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Finding Arthur: The True Origins of the Once and Future King

by

Finding Arthur: The True Origins of the Once and Future King Cover

 

Synopses & Reviews

Publisher Comments:

The legend of King Arthur has been told and retold for centuries. As the king who united a nation, his is the story of England itself. But what if Arthur wasn't English at all? As writer and activist Adam Ardrey discovered, the reason historians have had little success identifying the historical Arthur may be incredibly simple: He wasn't an Englishman at all. He was from Scotland.

Finding Arthur chronicles Ardrey's unlikely quest to uncover the secret of Scotland's greatest king and conqueror, which has been hidden in plain sight for centuries. His research began as a simple exploration of a notable Scottish clan, but quickly it became clear that many of the familiar symbols of Arthurian legend--the Round Table, the Sword in the Stone, the Lady of the Lake--are based on very real and still accessible places in the Scottish Highlands.

Sure to be controversial, Finding Arthur rewrites the legend of King Arthur for a new age.

Review:

"There is an entire subculture devoted to proving that King Arthur existed and Ardrey (Finding Merlin) adds to the speculation in a selective look at the literature — and some faulty etymology — that leads him to believe that Arthur was not a Christian Romanized Briton but a pagan Scot. Conveniently, Ardrey is a Scot with Scots-Irish roots. He hints that his last name might be from the Scottish Ard Righ or High King, thus linking him to Arthur. Combing through translations of early chronicles and poetry, along with medieval authors such as Geoffrey of Monmouth, Chrétien de Troyes, and Malory, he chooses passages that fit his theory. Name changes and Romanization of characters are simply a plot by The Church to stamp out the old religion; writers as late as Malory were 'not brave enough to put story-telling first and so he bowed to the power of the Church.' Ardrey delves into every linguistic cranny to set each of the battles of Arthur north of Hadrian's Wall. He also concludes that the early writer Gildas suppressed Arthur's story 'because Arthur killed Gildas's brother Hueil.' Ardrey's theory is firmly in the tradition of Arthurian fiction; as with similar work, refuting it point by point would require several volumes. (Nov.)" Publishers Weekly Copyright PWxyz, LLC. All rights reserved.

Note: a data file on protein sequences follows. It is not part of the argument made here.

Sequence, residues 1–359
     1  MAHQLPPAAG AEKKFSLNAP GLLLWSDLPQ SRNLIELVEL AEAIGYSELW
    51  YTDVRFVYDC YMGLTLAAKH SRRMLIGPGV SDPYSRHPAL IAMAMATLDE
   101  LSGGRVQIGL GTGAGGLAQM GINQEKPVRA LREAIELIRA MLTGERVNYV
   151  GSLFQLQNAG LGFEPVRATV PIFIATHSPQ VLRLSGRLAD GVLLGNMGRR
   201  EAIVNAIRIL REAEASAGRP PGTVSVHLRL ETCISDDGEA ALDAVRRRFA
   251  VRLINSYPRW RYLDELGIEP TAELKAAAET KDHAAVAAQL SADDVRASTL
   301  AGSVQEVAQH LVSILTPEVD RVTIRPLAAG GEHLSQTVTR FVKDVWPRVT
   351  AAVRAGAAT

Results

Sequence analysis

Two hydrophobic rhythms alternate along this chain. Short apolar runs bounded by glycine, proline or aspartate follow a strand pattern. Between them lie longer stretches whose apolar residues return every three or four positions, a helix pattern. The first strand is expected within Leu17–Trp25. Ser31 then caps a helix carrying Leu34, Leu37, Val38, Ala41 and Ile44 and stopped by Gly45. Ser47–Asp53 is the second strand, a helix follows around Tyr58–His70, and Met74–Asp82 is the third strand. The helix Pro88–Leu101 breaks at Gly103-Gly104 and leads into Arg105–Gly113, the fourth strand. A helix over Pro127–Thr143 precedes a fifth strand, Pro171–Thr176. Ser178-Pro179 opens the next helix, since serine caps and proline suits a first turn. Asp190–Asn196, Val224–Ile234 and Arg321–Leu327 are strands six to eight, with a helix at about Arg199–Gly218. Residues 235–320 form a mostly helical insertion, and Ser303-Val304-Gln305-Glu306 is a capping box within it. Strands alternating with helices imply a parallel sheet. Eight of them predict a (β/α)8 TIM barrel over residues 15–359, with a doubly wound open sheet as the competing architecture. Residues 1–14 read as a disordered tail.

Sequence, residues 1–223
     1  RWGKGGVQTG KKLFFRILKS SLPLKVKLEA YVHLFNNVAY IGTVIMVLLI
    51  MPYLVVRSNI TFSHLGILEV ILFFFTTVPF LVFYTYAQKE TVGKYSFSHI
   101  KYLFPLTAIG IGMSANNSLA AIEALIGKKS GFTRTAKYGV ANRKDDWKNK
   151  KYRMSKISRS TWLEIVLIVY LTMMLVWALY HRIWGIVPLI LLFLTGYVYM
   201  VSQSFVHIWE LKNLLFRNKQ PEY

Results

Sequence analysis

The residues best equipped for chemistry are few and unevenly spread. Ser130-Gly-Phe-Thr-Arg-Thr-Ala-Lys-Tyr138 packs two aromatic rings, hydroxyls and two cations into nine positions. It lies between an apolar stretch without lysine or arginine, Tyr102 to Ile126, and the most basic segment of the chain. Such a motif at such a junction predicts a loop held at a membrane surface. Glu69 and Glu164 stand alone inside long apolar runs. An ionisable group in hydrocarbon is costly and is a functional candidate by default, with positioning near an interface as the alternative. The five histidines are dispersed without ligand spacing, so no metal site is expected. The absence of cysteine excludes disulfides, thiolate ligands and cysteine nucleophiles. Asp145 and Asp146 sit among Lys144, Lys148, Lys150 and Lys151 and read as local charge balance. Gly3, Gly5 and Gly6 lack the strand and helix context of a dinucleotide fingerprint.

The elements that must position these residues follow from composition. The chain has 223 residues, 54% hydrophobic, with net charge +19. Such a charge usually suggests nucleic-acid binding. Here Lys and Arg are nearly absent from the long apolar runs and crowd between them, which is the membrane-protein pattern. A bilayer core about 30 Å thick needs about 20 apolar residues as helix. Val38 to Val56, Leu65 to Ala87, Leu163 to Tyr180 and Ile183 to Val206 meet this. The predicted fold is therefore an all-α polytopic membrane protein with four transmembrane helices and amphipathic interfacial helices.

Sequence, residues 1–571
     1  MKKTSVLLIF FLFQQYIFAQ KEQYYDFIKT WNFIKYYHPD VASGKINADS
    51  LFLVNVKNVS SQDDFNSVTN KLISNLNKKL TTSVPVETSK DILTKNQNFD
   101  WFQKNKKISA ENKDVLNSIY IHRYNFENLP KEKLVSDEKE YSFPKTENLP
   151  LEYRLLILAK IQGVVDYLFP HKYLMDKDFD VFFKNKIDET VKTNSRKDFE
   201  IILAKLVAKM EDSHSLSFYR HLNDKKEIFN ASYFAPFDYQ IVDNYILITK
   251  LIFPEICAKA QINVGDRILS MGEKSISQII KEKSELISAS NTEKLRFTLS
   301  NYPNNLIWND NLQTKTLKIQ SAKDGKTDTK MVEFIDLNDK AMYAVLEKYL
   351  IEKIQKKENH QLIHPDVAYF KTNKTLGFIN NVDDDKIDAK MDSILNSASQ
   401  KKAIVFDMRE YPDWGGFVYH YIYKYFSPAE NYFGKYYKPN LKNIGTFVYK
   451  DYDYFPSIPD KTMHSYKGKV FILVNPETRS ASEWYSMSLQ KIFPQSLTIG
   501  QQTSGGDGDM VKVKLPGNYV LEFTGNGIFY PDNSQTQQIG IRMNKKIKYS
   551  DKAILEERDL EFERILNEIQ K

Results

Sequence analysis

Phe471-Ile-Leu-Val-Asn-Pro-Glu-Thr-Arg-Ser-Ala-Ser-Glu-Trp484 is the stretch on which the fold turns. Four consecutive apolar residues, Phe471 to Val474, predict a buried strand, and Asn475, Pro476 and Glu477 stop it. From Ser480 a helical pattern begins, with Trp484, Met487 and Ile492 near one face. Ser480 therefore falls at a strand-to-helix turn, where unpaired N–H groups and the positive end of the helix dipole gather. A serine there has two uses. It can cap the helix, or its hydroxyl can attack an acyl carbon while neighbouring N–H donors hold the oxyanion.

About the Author

Adam Ardrey is the author of Finding Merlin: The Truth Behind the Legend of the Great Arthurian Mage, also available from Overlook. He is a writer and human rights advocate and has previously worked in television and as an attorney.

Product Details

ISBN:
9781468306897
Author:
Ardrey, Adam
Publisher:
Overlook Press
Subject:
Great britain
Subject:
Mythology-Folklore and Storytelling
Edition Description:
Hardback
Publication Date:
20131031
Binding:
HARDCOVER
Grade Level:
from 12
Language:
English
Pages:
352
Dimensions:
9 x 6 in 1 lb
Age Level:
from 18

Related Subjects

History and Social Science » Europe » Great Britain » General History
History and Social Science » Europe » Great Britain » Pre Tudor
History and Social Science » Western Civilization » Medieval
History and Social Science » World History » England » General
History and Social Science » World History » Medieval and Renaissance
Humanities » Mythology » Arthurian
Humanities » Mythology » British
Humanities » Mythology » Celtic
Humanities » Mythology » Folklore and Storytelling
Humanities » Mythology » General

Finding Arthur: The True Origins of the Once and Future King New Hardcover
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$26.95 In Stock
Product details 352 pages Overlook Press - English 9781468306897 Reviews:
"Publishers Weekly Review" by , "There is an entire subculture devoted to proving that King Arthur existed and Ardrey (Finding Merlin) adds to the speculation in a selective look at the literature — and some faulty etymology — that leads him to believe that Arthur was not a Christian Romanized Briton but a pagan Scot. Conveniently, Ardrey is a Scot with Scots-Irish roots. He hints that his last name might be from the Scottish Ard Righ or High King, thus linking him to Arthur. Combing through translations of early chronicles and poetry, along with medieval authors such as Geoffrey of Monmouth, Chrétien de Troyes, and Malory, he chooses passages that fit his theory. Name changes and Romanization of characters are simply a plot by The Church to stamp out the old religion; writers as late as Malory were 'not brave enough to put story-telling first and so he bowed to the power of the Church.' Ardrey delves into every linguistic cranny to set each of the battles of Arthur north of Hadrian's Wall. He also concludes that the early writer Gildas suppressed Arthur's story 'because Arthur killed Gildas's brother Hueil.' Ardrey's theory is firmly in the tradition of Arthurian fiction; as with similar work, refuting it point by point would require several volumes. (Nov.)" Publishers Weekly Copyright PWxyz, LLC. All rights reserved.
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